Knives well worth owning. Words I took to heart. And when Bob finally showed up at the New York Custom Knife Show in 1986, I took the time out to meet him. I needed to see for myself that there was indeed someone of Asian decent doing well in the custom knife market. We spoke for a while and I placed my order for one of his Large Field Grade Stalkers, to be delivered when completed. Little did Bob, or I, know what that one meeting would turn out into.

Thanks to Jim Cooper for sending me this scan.


Memorial Service

From those that were able to attend the service on Saturday Dec. 8th, I was told it was a very moving service. A tribute to the man and all those he touched. In attendance were many of his peers from the knife making community. In tribute to his craft, a table was laid out in the lobby, decked out with his signature red table cloth, adorned with a photo album that he always had at the knife shows he attended, and a few of the knives he made.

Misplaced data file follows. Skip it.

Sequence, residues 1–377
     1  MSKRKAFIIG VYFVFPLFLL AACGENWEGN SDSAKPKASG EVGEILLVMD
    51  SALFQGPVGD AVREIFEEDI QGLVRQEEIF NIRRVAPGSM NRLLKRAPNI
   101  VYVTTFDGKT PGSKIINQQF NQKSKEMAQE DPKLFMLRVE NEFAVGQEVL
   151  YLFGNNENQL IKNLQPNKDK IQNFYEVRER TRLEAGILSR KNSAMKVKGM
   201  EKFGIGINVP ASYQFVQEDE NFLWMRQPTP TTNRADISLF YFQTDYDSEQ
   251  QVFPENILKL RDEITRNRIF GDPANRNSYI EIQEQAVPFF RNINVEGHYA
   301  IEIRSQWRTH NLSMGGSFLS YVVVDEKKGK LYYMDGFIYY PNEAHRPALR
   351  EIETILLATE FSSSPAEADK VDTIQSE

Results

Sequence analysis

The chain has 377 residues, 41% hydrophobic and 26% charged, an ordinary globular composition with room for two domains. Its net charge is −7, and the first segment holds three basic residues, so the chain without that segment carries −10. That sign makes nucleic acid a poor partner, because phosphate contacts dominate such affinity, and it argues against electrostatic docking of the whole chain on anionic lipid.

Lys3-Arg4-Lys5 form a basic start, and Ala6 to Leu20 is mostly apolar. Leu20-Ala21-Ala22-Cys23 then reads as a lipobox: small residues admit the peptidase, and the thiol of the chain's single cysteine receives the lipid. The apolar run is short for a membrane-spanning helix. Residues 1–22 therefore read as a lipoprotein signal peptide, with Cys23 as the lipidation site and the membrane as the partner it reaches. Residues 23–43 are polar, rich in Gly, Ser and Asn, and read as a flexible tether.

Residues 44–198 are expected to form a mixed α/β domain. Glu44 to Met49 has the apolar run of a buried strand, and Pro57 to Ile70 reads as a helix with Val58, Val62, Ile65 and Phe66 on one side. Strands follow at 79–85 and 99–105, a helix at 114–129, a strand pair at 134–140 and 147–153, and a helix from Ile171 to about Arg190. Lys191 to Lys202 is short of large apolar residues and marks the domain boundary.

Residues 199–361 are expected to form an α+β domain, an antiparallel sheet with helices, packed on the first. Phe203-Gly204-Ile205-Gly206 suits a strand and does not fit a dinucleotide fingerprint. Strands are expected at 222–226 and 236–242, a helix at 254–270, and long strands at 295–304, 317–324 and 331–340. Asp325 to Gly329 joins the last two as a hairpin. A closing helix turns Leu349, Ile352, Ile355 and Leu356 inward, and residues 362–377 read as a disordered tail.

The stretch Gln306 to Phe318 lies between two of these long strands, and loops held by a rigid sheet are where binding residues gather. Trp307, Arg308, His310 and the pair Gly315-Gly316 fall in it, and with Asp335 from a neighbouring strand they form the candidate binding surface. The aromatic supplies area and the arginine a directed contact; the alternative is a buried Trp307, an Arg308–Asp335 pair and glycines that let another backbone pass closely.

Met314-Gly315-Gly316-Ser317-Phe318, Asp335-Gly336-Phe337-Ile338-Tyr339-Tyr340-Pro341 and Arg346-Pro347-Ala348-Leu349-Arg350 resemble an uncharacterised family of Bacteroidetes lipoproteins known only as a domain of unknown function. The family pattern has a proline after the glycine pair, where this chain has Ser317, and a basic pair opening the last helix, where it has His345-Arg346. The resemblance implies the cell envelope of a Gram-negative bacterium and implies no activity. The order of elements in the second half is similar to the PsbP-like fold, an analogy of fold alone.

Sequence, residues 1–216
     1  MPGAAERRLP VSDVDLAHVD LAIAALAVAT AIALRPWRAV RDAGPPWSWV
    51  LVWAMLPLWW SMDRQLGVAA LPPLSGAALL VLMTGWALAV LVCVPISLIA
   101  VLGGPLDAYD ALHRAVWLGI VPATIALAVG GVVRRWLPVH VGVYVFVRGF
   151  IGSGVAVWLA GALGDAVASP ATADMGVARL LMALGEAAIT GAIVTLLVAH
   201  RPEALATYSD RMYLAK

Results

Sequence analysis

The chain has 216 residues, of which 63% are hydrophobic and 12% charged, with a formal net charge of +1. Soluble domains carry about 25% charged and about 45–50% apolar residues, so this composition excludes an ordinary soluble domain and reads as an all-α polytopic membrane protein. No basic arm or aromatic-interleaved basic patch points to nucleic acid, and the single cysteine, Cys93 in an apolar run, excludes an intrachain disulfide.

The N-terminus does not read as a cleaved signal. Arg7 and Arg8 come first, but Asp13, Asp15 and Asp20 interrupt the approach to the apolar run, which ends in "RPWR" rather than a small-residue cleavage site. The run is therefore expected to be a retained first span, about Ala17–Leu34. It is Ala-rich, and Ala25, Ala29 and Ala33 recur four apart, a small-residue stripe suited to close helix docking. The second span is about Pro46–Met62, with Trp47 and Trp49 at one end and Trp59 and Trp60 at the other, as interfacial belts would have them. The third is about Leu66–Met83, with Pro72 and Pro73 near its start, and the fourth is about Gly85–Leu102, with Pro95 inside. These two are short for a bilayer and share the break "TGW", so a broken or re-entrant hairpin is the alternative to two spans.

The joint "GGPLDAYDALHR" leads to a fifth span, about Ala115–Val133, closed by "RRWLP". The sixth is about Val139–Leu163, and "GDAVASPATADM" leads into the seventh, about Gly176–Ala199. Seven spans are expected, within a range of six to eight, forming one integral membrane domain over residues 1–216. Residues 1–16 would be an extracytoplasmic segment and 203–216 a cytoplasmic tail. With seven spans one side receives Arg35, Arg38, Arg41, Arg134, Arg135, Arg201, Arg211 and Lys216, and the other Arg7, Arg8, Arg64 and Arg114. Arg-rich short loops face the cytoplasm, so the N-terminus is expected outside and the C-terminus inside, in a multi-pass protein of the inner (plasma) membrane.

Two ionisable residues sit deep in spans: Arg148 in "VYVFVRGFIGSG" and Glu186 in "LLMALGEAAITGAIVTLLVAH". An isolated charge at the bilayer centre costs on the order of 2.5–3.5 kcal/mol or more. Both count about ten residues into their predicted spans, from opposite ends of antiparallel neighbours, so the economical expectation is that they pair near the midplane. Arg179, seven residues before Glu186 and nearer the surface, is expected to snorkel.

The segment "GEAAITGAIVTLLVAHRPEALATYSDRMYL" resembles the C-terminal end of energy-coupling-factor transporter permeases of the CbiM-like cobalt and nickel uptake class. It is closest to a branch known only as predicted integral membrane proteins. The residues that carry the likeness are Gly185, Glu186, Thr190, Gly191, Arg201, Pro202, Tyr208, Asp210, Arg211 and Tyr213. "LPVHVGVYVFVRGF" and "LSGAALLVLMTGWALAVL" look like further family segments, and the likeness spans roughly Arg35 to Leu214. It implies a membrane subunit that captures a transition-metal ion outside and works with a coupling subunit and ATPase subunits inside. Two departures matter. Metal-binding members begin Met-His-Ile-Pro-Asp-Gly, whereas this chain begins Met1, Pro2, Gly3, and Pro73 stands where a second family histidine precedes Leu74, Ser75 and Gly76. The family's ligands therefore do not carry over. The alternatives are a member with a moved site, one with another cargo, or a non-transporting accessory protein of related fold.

One thing that surprised me to have learned about Bob, was that he was an excellent singer. I was aware of his guitar playing (and that's a story for another time), but now I regret never having heard him sing.

As I could not attend the service, I would like to share my favorite memory of Bob here:

It was a few years ago when he asked me to help him get an anniversary present for his wife Jean. While at the same time, Jean also called to ask me to help buy him a present. I was greatly tickled to be in the middle of this, as I didn't let on that I was helping both of them. They found out later once the gifts were exchanged. I don't know if Bob was more mad at me for helping Jean get him his present, or that I didn't tell him, but I do know that they both enjoyed their presents that year.

I miss you Bob. You were among few I can call "Brother". And although I never told you, you were very much a Father figure to me. I've learned so much about being a better person by listening to you, and by simply being around you. The times we spent together after the shows were among my most memorable; the shopping trips to B&H, the meals we shared, and the talks at Paul's place. I'll miss our multi-hour phone calls about knives, photography, watches, food, and life in general. Thank you for including me in your journey through life.